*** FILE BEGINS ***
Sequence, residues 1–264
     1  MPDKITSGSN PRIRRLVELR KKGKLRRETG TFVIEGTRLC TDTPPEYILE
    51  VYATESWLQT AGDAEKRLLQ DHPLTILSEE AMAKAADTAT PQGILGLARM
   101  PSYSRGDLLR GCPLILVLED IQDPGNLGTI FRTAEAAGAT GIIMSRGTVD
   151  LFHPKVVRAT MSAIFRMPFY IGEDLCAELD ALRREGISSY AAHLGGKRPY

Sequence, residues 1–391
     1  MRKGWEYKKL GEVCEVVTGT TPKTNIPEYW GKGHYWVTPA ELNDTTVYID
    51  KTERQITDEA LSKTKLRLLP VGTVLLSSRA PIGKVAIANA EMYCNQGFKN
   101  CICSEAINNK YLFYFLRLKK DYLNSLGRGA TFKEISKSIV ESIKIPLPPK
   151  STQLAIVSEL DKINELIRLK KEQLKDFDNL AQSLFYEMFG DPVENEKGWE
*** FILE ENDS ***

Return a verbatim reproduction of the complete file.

Sequence, residues 1–264
     1  MPDKITSGSN PRIRRLVELR KKGKLRRETG TFVIEGTRLC TDTPPEYILE
    51  VYATESWLQT AGDAEKRLLQ DHPLTILSEE AMAKAADTAT PQGILGLARM
   101  PSYSRGDLLR GCPLILVLED IQDPGNLGTI FRTAEAAGAT GIIMSRGTVD
   151  LFHPKVVRAT MSAIFRMPFY IGEDLCAELD ALRREGISSY AAHLGGKRPY

Sequence, residues 1–391
     1  MRKGWEYKKL GEVCEVVTGT TPKTNIPEYW GKGHYWVTPA ELNDTTVYID
    51  KTERQITDEA LSKTKLRLLP VGTVLLSSRA PIGKVAIANA EMYCNQGFKN
   101  CICSEAINNK YLFYFLRLKK DYLNSLGRGA TFKEISKSIV ESIKIPLPPK
   151  STQLAIVSEL DKINELIRLK KEQLKDFDNL AQSLFYEMFG DPVENEKGWE